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Old 13-12-2012, 15:40   #27
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Re: Which Embedded Computer?

I built a computer using parts from Logic Supply using mini-ITX for ham radio work. Worked out great. Has a 12v power supply for automotive and could work with boating too. I'd like to switch my computers to Solid State Drives and Linux operating system.
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Old 13-12-2012, 15:42   #28
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Re: Which Embedded Computer?

There are a few who use Mac minis.

SV/Jedi is one.

Cheers
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Old 13-12-2012, 15:50   #29
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It nice to get the chart table back though.
Why not have the cake and eat it too. Lots of netbooks will drive external monitors, and the resolutions are better, too. Wireless keyboard and mouse, or USB, and you're good to go. And, you can take it up into the cockpit if so inclined.

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Old 13-12-2012, 16:11   #30
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Re: Which Embedded Computer?

Quote:
Originally Posted by hellosailor View Post
....
Paul-
"ANy of these die on built ion system you just replace the component. With a mini-itx system when I feel the the processor is now obsolete i.e. too slow, I can replace the motherboard and keep everything else"
You're in a disappearing minority. Usually a processor plus motherboard plus memory all have to be upgraded because there is so much change across all three, and the memory types have changed so that "new" commodity priced memory doesn't work with old processors or motherboards. Once upon a time, I upgraded CPUs. I don't think I've done that for over 15 years, as new systems have been SO much more powerful than updating old CPUs. The connections change, i.e. USB is dead, USB3 is here. Change the motherboard? Sure, and what else changes with it?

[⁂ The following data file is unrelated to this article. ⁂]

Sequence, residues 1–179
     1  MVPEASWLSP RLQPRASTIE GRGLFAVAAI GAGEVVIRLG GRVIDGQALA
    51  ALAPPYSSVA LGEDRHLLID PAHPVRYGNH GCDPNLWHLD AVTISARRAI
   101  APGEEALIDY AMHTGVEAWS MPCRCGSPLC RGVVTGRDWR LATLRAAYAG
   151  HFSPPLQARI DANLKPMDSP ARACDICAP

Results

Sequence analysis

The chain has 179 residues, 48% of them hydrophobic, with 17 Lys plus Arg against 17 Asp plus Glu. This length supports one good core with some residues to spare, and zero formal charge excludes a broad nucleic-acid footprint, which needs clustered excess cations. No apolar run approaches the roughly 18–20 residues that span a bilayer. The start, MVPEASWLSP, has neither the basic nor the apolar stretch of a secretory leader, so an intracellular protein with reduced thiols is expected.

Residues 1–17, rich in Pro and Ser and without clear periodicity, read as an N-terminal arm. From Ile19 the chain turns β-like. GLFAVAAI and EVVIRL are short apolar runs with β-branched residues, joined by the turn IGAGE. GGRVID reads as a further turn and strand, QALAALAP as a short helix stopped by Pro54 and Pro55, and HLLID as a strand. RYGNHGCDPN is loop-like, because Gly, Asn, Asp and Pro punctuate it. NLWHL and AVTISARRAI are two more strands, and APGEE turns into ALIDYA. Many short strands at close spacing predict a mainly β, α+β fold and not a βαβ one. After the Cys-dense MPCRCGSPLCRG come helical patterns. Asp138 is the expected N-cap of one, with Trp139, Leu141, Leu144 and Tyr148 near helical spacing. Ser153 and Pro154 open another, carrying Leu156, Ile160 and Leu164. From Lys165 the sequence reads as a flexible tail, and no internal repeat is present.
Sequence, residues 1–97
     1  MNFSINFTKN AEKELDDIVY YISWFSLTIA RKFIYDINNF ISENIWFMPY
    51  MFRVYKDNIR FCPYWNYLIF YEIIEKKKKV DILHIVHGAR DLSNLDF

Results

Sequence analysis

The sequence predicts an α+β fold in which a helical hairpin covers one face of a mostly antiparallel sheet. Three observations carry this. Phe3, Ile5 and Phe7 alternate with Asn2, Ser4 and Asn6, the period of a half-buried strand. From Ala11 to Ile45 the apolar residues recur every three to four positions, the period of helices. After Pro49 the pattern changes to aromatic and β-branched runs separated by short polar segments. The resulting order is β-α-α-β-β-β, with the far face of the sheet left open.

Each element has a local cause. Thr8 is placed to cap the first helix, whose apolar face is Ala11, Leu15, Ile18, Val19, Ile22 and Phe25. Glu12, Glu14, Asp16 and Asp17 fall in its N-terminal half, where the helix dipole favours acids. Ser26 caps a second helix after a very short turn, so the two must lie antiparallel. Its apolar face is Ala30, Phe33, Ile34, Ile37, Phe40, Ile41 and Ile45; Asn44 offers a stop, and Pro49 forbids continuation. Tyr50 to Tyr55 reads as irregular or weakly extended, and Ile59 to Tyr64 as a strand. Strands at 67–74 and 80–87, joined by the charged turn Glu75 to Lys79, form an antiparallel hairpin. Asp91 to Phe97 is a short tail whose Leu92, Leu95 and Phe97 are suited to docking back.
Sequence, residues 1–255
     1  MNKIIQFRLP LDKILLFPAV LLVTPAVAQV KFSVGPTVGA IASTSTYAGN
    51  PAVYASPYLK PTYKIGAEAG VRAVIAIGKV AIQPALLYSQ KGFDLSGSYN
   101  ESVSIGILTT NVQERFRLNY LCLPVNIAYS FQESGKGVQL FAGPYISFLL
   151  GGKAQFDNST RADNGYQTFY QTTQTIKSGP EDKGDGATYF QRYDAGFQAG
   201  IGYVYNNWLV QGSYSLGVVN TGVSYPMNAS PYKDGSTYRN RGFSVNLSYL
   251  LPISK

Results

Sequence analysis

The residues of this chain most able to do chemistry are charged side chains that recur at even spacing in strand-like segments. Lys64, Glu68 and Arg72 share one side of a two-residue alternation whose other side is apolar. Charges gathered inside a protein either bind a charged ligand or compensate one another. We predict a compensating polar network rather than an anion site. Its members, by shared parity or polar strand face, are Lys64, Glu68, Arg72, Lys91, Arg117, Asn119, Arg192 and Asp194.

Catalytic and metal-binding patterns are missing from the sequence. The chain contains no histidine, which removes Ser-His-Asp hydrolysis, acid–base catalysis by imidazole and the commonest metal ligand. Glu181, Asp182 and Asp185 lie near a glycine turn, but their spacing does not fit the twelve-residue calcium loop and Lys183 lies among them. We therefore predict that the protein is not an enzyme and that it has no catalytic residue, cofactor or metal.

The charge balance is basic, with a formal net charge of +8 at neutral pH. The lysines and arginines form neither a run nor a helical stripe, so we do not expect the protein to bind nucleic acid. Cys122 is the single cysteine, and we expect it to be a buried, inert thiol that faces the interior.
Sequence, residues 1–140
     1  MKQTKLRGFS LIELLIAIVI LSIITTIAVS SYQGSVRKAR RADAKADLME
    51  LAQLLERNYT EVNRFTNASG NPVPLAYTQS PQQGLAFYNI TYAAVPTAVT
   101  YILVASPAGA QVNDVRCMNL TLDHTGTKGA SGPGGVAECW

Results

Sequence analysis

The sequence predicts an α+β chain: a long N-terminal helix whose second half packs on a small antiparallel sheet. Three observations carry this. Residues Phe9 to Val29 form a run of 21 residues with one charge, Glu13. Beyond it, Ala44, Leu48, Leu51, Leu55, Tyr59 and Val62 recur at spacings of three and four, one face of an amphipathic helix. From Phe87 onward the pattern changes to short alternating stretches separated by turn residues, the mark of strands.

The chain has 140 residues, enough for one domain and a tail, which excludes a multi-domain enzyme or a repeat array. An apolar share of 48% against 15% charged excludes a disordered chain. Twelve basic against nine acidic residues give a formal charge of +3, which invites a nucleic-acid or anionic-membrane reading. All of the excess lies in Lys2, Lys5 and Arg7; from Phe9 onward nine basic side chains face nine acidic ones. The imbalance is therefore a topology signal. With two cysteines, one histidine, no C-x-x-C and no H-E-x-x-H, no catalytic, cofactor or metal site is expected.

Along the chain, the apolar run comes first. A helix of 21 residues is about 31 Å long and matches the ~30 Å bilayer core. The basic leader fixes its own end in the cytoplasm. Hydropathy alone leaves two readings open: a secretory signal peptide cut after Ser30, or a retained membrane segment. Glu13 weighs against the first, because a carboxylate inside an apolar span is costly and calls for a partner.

I could turn my own screws and bolts on a lathe, too, and just buy convenient metal stock instead of ordering pieces. Or for about fifty grand, buy enough parts to build my own car--which someone else will build, sell, and warranty to me for half that price.
It goes against my nature, but the reality is that computers have become throwaway pieces. Like TV sets, you can buy a new one cheaper than fixing the old one. And that's been going on for what, over 20 years now?
Swapping out a motherboard still leaves you with the display, keyboard, case, power supply, disk drives, installation, etc.

Basically I agree with you. When someone asks me for a recommendation for their boat computer, I almost always go with a laptop or netbook. And yes, when they break you throw them out, get over your loss and start again. For those that want a more permanently mounted system and don't mind the screwing around for the setup, an itx system is a good choice. Even buying a new netbook usually requires hours of screwing around to uninstall all the crap trial SW they put on it. I really prefer that my boat computer stays fixed to the boat and doesn't go on journeys to shore.